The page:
Cyril Knowles was a young Yorkshireman when he arrived at White Hart Lane, but developed into the first choice left back for 10 years and was as much an attacking force, as a cool defender for Spurs.
Starting his football playing days in the South Elmsall District Boys team in Yorkshire, Cyril went on to play for the local Hemsworth side and spent a year with Manchester United as a youngster playing outside left, but returned home after a year to play for Hamsworth, as he felt he was making little progress at the Old Trafford. He tried the Wolverhampton Wanderers nursery at Wath on Deane, but found himself in the same situation, so before he started playing football for a career, he was driving the pit ponies to the coal-mine taking loads of timber to the colliery. His last attempt at getting a contract was with Middlesbrough, who he wrote to for a trial as a full back. They took him on in that position.
Signed as a professional with Boro and he had made only 39 first team appearances in the 1962-63 and 1963-64 seasons before he joined Tottenham from Middlesbrough in May 1964 and was initially played at right back, moving to the other flank when Ron Henry was no longer first choice. Knowles was a regular missing only one game in the 1965-66 season and had little serious competition to oust him from his place in the side. Always keen to control and take the ball forward, his ability in crossing, long-distance passing and from free-kicks were his strengths. Cyril was rarely rushed when in possession and his calm approach combined with the quiet Mike England and the laid-back Pat Jennings provided a cool defensive core that helped maintain a good goals against record.
With a number of happy recipients of his crosses into the box, he would have had a good “assists” record had such things existed in those days. His slight frame looked likely to be knocked off the ball without a great deal of difficulty, but Knowles was full of Yorkshire grit and he was determined to get into positions where he could deliver the ball into his forwards. While he never appeared to be that quick, his pace was deceptive and he could out-pace opponents and also get back to his station rapidly should he be caught up-field in attack.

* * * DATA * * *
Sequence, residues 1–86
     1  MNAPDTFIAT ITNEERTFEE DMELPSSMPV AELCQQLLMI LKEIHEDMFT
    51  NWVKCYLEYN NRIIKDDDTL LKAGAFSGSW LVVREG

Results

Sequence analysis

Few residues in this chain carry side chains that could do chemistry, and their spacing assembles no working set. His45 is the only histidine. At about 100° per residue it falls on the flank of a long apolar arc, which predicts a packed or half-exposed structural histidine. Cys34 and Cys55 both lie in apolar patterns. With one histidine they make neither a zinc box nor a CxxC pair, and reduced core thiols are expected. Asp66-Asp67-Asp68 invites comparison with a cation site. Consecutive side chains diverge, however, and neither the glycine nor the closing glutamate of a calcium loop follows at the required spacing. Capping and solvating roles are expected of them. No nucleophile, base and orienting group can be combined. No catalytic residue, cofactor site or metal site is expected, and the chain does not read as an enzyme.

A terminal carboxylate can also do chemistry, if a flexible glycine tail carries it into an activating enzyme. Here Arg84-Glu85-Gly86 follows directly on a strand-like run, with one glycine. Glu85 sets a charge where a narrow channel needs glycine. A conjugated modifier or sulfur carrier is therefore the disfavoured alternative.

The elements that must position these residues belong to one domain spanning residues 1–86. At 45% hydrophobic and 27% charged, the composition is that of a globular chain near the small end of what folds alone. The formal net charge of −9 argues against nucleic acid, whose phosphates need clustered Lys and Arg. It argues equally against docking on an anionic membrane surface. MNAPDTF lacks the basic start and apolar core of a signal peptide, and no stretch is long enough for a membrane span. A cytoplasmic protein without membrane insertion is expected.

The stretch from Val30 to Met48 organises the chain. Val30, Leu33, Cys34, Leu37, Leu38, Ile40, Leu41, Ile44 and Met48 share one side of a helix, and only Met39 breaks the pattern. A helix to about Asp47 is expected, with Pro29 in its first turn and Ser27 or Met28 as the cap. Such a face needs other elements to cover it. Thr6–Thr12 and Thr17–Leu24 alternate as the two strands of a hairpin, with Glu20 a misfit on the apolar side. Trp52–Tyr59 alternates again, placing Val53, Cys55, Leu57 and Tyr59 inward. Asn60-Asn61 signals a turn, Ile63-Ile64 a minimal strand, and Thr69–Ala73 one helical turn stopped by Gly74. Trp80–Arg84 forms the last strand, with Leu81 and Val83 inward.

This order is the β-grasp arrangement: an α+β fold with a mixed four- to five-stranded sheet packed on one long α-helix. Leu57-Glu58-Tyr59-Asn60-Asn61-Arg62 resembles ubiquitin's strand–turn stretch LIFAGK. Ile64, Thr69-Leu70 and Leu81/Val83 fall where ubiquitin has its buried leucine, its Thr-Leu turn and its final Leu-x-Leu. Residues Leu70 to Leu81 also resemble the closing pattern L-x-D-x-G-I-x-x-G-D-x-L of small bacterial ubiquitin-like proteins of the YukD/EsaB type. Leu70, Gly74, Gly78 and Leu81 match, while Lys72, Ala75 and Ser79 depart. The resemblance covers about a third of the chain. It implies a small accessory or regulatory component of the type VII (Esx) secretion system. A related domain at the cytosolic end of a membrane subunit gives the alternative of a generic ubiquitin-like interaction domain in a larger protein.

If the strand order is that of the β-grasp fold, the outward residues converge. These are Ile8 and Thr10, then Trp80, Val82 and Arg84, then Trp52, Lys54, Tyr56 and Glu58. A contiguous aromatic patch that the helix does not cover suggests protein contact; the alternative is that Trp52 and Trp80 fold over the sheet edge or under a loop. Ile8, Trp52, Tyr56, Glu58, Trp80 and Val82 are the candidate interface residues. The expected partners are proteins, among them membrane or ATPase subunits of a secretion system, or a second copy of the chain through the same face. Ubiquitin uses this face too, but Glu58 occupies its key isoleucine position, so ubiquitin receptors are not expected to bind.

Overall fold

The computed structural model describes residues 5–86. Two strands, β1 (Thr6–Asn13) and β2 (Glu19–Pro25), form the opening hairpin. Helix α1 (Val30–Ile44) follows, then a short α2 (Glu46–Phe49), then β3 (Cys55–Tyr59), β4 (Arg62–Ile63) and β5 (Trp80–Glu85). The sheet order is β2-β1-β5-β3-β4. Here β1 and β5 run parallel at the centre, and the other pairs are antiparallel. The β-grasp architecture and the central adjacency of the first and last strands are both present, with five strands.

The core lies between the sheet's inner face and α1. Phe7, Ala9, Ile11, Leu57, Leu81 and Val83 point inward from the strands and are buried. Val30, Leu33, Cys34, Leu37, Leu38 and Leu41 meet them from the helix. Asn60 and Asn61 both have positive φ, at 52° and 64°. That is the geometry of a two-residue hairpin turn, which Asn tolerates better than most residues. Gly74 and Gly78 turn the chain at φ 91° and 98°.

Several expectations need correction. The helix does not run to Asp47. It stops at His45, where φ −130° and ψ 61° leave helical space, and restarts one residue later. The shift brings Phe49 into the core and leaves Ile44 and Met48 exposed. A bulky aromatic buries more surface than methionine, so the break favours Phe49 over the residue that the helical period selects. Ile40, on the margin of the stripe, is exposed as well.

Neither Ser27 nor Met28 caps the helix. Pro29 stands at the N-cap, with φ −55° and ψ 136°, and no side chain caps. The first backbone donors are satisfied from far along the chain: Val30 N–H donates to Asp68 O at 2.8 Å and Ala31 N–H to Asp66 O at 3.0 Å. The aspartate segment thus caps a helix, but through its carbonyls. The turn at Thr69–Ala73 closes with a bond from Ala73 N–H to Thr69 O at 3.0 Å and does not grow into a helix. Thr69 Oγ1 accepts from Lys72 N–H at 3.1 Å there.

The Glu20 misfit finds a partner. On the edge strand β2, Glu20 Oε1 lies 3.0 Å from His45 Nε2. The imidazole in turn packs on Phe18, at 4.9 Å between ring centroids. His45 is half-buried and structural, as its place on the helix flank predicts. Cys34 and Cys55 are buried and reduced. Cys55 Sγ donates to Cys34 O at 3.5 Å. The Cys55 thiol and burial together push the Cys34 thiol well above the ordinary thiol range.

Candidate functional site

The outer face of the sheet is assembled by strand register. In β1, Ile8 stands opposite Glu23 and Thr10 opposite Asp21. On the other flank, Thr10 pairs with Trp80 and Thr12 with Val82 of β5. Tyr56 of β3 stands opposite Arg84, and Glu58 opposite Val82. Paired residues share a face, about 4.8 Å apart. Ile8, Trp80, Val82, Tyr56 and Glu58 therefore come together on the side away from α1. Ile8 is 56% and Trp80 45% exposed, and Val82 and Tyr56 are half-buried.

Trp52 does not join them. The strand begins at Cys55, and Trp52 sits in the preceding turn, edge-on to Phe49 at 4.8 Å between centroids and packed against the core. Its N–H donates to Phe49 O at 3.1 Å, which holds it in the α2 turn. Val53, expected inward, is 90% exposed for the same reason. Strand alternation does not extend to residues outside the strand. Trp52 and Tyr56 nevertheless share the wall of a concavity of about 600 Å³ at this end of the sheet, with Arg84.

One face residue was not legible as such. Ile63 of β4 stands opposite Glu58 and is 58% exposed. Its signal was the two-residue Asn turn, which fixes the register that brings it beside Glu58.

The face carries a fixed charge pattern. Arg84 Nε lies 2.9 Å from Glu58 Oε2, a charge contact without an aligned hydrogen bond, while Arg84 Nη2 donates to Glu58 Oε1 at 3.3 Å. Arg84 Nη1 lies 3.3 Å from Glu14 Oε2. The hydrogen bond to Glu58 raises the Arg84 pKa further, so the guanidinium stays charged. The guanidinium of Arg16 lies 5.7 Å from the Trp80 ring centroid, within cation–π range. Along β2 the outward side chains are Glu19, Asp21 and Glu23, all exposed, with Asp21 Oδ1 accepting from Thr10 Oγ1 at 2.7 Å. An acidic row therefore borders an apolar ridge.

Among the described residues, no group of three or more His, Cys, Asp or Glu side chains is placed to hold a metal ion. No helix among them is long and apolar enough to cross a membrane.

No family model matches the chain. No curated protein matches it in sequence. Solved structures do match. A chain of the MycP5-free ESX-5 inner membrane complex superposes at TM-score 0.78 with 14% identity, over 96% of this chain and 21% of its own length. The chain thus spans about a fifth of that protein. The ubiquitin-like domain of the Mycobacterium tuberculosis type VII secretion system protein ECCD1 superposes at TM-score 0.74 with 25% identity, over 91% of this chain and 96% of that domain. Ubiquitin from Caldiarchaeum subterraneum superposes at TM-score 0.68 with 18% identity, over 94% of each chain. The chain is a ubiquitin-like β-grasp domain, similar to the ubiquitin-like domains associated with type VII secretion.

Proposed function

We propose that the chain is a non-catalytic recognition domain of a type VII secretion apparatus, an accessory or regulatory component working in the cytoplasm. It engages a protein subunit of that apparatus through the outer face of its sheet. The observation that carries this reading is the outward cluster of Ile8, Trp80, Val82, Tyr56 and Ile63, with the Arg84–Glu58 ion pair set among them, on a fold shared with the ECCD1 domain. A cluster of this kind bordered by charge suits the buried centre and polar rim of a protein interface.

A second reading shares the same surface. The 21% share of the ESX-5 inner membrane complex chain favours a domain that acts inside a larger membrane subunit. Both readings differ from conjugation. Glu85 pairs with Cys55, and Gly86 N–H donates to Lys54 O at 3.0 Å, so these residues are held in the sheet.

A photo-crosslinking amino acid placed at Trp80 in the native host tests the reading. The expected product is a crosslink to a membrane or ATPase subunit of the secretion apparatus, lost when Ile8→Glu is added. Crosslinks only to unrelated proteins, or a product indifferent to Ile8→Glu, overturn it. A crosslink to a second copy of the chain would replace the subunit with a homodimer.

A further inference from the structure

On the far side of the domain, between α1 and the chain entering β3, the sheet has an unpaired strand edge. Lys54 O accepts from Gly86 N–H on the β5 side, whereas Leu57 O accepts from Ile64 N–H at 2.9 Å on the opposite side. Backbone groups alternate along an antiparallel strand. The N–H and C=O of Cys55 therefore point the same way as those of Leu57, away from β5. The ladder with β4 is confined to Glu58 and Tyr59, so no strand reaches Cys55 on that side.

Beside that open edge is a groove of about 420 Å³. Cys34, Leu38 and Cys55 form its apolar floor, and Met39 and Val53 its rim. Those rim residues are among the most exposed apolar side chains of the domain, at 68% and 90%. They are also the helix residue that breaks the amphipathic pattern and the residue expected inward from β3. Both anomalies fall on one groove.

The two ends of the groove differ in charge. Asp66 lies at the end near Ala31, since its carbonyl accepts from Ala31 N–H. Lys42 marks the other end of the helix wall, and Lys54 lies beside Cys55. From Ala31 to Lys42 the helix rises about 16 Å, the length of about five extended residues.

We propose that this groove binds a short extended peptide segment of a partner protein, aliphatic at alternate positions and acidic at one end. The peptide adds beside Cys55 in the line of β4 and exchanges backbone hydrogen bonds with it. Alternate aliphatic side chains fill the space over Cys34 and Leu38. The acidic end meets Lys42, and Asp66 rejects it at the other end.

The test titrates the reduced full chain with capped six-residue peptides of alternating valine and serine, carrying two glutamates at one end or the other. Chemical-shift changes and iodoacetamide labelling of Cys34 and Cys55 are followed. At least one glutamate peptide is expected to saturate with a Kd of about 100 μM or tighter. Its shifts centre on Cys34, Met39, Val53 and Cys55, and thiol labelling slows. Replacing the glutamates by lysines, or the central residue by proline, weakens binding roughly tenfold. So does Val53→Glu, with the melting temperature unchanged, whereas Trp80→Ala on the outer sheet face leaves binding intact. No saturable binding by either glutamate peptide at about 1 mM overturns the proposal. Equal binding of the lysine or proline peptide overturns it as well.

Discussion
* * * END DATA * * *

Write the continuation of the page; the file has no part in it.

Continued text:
His over-lapping (going forward beyond the midfielder or winger) was a result of his early days playing out wide and he was one of the players who played the game with a smile on his face. That enjoyment was no doubt derived from the fact that Bill Nicholson had chosen him as a player who he identified as one to come in and play his natural game. And Knowles' style was rewarded with trophies at Tottenham (FA Cup 1967, League Cups 1971 & 1973, UEFA Cup 1972), as well as four England caps at a time when Terry Cooper of Leeds United was the first choice. Cyril had previously won six Under-23 caps for his country.
Cyril was hit by a knee injury in December 1973, which ruled him out of the side and allowed Terry Naylor to gain a run in the team. He returned to the first eleven in September 1974, when Bill Nicholson had retired, with the team struggling. Knowles showed that his know-how was vital and he helped the team to escape relegation with a last game 4-2 home win over Leeds United, in which he not only put in a fine defensive performance, but also showed his typical adventurous side by scoring a free-kick curled around the wall and slotted away a pressure penalty to help earn the points that kept Spurs in the top flight.
The knee problem restricted him to just a few more games before he retired from playing.
Away from the game, Cyril had a share in a fish and chip shop in Pudsey, Yorkshire, which his brother and co-owner Kelvin ran, while another brother - Peter - played for Wolverhampton Wanderers and England Under-21, but gave up the game to become a Jehovah's Witness.
On leaving the playing side of the game, Cyril initially became Tottenham's Yorkshire scout and then managed Hertford Town and was a coach at Doncaster Rovers between 1977 and 1981. He then became assistant manager at Middlesbrough for two years, before getting his first managerial post at Darlington. Gained promotion to the Third Division in his second season and was well regarded, but resigned in 1987 when the club were relegated back to Division Four. He then moved almost as far away from Darlington as possible, taking the reins at Torquay United and he had two good years there, before resigning in October 1989 to return to the North-East with struggling Hartlepool United.
He kept the Monkey-hangers in the Fourth Division that season and then won promotion the following season. However, in February 1991, Knowles was diagnosed as having a brain tumour and he underwent brain surgery, meaning he was unable to maintain his role at the club.
Cyril Knowles died on 31st August 1991 died of the cancer that he had been suffering with.
His life had been dogged by tragedy, as his son was killed when he was a rear passenger in the car, when a stone was thrown up by a lorry in front and it went through the windscreen, hitting his son in the head and killing him in November 1974.
Knowles was a popular figure in most places he played and managed, with Spurs holding a memorial match at White Hart Lane three months after his death and Hartlepool named a new stand after him in 1995.